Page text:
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Hardware startups scare many investors. Hardware adds additional risk dimensions, including suppliers, manufacturers, and distributors. Hardware also tends to require more equity capital because early-stage startups are too risky to work with traditional lenders to help fund initial production.

A good amount of hardware risk comes from failing to understand how business models can change when hardware is connected to the internet. Connected hardware unlocks new customer relationships and proprietary data, as well as actuators, consumables, and services. Put another way, it presents opportunities to increase the lifetime value of customers.

Tesla redefined the relationship between car owners and manufacturers. Before Telsa, you had to drive into a dealership so they could learn about your car. For Tesla, connecting their cars over the internet means they can update software to improve performance and add features. It also means they can provide better levels of support because they can see problems before customers can. And it means they can learn from all of their customers by collecting proprietary data to train algorithms.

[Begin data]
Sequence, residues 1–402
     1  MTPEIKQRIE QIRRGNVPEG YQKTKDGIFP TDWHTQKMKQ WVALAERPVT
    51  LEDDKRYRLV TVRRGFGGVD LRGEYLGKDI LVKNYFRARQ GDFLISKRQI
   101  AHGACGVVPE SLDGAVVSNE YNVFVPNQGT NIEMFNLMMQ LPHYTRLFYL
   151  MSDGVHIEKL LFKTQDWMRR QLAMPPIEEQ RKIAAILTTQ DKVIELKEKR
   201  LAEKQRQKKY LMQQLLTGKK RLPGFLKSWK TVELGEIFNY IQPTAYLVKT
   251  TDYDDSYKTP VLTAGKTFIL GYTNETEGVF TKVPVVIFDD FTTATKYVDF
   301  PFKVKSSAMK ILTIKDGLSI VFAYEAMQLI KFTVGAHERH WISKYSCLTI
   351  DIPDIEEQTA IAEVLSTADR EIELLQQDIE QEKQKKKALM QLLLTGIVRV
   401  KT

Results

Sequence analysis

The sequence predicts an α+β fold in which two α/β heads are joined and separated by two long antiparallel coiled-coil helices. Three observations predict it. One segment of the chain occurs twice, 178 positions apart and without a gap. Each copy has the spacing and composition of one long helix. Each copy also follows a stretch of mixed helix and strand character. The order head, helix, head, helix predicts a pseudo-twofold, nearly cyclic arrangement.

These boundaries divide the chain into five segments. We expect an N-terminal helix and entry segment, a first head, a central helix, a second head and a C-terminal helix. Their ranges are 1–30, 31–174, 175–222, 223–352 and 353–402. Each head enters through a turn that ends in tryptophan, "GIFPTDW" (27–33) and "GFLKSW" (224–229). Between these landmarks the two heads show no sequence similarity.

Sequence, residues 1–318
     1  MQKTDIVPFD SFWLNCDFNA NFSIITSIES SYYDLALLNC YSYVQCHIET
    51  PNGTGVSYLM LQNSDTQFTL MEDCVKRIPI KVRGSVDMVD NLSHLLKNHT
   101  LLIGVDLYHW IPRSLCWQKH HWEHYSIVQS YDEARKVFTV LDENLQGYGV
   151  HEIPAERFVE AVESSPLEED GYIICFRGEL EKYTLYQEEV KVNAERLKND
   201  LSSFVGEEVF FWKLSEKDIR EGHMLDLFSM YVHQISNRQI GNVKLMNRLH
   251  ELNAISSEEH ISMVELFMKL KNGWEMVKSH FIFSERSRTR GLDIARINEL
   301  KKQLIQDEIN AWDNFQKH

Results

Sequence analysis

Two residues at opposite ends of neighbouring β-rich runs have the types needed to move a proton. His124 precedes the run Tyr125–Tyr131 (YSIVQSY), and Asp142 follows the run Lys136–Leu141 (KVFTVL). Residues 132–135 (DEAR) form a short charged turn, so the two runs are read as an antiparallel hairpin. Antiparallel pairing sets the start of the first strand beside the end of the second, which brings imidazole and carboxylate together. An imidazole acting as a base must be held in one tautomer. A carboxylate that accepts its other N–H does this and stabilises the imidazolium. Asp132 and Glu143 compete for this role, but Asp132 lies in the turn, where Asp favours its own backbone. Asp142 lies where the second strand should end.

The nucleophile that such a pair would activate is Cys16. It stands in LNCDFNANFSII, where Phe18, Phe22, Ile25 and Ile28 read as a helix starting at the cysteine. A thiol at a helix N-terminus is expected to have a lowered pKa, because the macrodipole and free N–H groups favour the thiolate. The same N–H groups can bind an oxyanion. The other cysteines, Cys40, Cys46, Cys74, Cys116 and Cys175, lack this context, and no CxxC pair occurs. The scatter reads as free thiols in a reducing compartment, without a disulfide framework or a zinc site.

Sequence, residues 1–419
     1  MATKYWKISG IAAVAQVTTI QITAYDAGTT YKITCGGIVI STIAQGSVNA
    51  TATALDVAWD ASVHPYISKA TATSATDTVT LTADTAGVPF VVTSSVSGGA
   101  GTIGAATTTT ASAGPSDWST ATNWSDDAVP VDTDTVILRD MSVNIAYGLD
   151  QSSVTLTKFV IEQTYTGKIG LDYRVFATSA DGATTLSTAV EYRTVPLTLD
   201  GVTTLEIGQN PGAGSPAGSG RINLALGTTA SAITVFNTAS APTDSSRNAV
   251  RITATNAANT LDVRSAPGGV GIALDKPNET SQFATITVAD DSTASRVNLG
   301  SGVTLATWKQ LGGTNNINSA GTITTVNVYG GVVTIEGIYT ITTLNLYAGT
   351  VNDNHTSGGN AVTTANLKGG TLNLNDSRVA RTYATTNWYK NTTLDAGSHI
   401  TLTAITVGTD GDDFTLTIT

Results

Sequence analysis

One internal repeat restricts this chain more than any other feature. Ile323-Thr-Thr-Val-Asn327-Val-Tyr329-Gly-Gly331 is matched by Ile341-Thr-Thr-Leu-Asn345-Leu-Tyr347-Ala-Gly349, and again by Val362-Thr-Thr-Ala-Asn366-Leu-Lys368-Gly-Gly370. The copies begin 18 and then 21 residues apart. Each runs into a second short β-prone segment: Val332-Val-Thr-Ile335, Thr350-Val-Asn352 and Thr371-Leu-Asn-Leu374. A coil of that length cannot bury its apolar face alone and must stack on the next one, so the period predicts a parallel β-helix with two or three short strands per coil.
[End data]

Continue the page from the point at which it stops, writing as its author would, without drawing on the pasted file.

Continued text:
Proprietary data is at the heart of many successful AI applications. Some of this data comes from humans, but a growing portion of it comes from sensors embedded in things ranging from cars to irrigation systems. Hardware, specifically sensors, can play an essential role in unlocking the data to drive new algorithms.

Hardware can also enable mini retail outlets. Much like ink for printers or water filters for refrigerators, connected hardware doesn’t just allow direct interaction with customers; it also facilitates ongoing revenue from consumables — the things that are used up in delivering the service provided by hardware.

Finally, as noted, hardware can unlock new types of services. Rather than waiting for something to go wrong, professionals can be notified to inspect or replace parts and avoid service interruptions and potential for additional costs.


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